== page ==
Preferably, PDL treatment should be initiated within the first two to four weeks after scar development.
Washington - Irradiation with the 585-nm flashlamp pulsed dye laser (PDL) has emerged as a treatment of choice for hypertrophic scars and keloids, but it is important to distinguish between those two types of lesions since the approach to their management differs, Elizabeth L. Tanzi, M.D. says.
"Used by itself, the pulsed dye laser can be highly effective in improving hypertrophic scars, whereas a combination technique using the laser and intralesional injections is often necessary to achieve a desirable response for keloids," notes Dr. Tanzi, co-director of laser surgery, Washington Institute of Dermatologic Laser Surgery, Washington, D.C.
Based on various studies using a variety of outcome measures, the PDL is now considered a first-line option for treating hypertrophic scars.
The results of those investigations show that benefits, including improvements in pliability, erythema, fibrosis and pruritus, can be achieved with treatment that is well-tolerated and associated with minimal risks. However, the key to a successful outcome is to use low-to-moderate fluences administered in multiple sessions, Dr. Tanzi says.
"Previous PDL treatment with higher energies is a common underlying theme for patients who have been referred to our center after having failed laser treatment elsewhere. These scars need to be treated with respect, and that means being conservative with multiple treatments and lower energies," she explains.
Preferably, PDL treatment should be initiated within the first two to four weeks after scar development. The entire surface of the scar is treated with non-overlapping, adjacent pulses using a 10 mm spot size, 5 J/cm2 fluence, and a 1.5 msec pulse duration. The fluence may be reduced even lower if treating scars located in anatomic areas where the skin is especially sensitive, such as under the eyes, on the neck, and on the chest, or in patients with darker skin phototypes who are particularly prone to develop hyperpigmentation.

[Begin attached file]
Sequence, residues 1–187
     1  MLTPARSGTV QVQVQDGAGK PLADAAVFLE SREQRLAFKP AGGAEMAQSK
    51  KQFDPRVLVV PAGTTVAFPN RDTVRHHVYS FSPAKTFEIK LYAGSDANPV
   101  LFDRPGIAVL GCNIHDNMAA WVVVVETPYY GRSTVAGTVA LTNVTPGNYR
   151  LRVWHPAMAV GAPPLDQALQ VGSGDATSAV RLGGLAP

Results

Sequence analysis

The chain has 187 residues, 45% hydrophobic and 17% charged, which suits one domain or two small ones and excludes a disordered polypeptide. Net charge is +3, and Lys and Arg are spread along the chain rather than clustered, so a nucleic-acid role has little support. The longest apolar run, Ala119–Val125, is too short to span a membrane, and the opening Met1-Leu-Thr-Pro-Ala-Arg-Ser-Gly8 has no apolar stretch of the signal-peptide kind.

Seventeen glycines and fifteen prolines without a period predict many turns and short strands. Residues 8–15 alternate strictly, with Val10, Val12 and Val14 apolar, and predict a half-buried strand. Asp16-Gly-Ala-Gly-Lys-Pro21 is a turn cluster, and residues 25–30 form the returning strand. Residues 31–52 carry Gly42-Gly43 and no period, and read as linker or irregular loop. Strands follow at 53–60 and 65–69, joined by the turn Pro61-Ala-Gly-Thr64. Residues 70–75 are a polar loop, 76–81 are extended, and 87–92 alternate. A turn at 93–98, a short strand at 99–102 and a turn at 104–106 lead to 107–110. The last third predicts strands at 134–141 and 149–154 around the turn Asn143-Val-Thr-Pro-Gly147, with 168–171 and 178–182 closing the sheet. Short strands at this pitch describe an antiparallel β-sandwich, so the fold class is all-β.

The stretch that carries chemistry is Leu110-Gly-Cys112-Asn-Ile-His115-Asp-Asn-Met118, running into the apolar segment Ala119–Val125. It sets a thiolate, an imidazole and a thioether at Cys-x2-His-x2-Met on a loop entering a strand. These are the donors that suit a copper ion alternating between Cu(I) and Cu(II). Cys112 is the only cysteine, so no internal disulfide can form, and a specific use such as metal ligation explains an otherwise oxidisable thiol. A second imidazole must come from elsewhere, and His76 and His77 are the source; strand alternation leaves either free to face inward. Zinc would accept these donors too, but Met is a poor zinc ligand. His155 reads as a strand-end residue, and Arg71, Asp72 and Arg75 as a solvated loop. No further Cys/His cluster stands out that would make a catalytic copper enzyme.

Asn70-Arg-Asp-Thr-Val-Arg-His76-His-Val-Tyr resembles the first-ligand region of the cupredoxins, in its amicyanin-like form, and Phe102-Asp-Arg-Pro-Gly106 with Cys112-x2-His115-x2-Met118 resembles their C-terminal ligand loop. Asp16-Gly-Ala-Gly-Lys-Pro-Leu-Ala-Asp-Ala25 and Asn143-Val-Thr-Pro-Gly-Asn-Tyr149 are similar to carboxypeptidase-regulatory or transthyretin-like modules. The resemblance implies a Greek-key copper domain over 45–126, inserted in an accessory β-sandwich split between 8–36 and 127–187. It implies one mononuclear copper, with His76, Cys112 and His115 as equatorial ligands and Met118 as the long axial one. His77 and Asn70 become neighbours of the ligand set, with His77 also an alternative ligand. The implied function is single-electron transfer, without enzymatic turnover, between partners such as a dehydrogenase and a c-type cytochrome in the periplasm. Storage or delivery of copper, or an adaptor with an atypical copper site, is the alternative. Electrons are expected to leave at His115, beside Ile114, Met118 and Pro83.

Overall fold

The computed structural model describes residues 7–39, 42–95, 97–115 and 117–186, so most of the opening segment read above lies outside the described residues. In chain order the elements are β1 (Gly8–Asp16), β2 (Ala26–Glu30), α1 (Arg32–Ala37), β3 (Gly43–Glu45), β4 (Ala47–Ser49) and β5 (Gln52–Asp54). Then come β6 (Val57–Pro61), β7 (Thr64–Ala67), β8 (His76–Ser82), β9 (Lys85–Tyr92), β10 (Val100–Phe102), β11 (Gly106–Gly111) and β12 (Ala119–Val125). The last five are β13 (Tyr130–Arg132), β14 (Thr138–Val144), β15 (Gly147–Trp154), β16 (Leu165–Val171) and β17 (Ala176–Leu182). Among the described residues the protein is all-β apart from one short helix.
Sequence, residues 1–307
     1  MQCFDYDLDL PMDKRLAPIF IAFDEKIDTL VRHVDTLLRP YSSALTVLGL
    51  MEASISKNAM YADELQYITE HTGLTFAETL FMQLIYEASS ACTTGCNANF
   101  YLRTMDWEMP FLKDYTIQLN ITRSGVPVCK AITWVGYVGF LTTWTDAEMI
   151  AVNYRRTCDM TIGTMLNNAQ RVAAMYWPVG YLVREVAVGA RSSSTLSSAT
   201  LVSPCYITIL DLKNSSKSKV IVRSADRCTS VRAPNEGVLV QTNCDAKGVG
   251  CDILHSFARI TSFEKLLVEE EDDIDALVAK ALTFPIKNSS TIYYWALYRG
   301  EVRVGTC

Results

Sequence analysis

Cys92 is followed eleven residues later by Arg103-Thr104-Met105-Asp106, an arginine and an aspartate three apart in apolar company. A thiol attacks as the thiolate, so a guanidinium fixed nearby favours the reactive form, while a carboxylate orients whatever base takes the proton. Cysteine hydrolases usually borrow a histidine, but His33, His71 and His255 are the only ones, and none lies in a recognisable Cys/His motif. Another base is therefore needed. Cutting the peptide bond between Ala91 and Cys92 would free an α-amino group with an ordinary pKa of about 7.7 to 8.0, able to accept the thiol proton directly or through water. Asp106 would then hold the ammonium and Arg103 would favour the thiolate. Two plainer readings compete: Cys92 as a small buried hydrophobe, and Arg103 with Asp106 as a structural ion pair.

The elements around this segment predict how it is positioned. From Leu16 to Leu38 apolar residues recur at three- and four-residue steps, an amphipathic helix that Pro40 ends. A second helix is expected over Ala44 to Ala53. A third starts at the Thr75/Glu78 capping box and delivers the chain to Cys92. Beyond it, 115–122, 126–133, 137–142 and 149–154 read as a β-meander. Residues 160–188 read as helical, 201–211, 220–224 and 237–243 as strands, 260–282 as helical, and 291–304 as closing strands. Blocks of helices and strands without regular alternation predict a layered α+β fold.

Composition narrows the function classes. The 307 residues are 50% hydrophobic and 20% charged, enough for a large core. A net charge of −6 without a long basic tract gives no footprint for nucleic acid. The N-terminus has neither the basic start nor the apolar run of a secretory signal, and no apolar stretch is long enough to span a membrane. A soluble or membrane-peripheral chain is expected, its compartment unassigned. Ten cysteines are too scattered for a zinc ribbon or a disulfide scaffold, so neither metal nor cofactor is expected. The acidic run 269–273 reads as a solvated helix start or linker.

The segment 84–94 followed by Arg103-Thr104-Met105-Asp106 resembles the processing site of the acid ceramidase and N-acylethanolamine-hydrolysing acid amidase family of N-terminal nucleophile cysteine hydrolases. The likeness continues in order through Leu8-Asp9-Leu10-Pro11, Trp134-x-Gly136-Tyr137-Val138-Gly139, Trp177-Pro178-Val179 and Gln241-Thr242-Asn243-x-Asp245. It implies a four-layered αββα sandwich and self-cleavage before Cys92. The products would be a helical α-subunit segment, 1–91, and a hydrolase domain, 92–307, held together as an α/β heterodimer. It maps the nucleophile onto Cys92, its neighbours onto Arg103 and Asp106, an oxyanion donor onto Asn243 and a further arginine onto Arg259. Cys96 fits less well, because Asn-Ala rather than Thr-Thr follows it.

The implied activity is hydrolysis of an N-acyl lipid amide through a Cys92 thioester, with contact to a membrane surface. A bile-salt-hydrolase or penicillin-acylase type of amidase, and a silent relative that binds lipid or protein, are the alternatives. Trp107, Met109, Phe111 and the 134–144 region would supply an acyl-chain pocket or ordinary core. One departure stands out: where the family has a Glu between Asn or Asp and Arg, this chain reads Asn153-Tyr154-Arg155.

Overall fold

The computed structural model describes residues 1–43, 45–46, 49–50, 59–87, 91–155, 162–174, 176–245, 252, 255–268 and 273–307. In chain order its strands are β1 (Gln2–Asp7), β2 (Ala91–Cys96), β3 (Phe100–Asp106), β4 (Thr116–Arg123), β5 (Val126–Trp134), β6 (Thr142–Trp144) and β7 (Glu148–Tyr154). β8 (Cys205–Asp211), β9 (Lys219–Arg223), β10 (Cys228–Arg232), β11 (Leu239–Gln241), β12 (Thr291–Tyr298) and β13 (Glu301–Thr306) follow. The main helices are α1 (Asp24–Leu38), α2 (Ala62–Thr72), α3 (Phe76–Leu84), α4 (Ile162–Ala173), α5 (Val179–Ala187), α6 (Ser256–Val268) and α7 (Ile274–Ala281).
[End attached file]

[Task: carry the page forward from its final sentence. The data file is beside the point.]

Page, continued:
Following PDL treatment, edema may be present for up to 48 hours and purpura may persist for several days, but both are self-limiting. Importantly, patients should be instructed about strict sun avoidance in order to prevent stimulation of excessive pigment production.
"Epidermal melanin may interfere with absorption of laser energy by the intended target, and if hyperpigmentation develops, its resolution can be enhanced with the use of topical bleaching agents. However, retreatment with the PDL should be delayed until excess pigment has disappeared," Dr. Tanzi says.
Up to three or four PDL treatments administered at six-week intervals are usually performed to achieve optimal improvement of hypertrophic scars.
It is the exceptional case, usually one that is highly symptomatic, that may be treated adjunctively with intralesional injection of triamcinolone or 5-fluorouracil. In fact, results of a split scar study undertaken by Tina S. Alster, M.D., director, Washington Institute of Dermatologic Laser Surgery, showed the addition of intralesional steroid treatment to irradiation with the PDL had no benefit for enhancing improvements achieved in hypertrophic inframammary scars, Dr. Tanzi tells Dermatology Times.
In contrast, a combination laser-medical regimen is used routinely for treating keloids.
"Keloids are much thicker, more fibrotic, and more active than hypertrophic scars, and better results are achieved with a dual regimen," Dr. Tanzi says.
In treating keloids, the two interventions are usually administered at the same visit, with the laser treatment performed first followed immediately by the intralesional injection. The laser settings are the same as those used in treating hypertrophic scars, and repeat treatments are also performed at six-week intervals.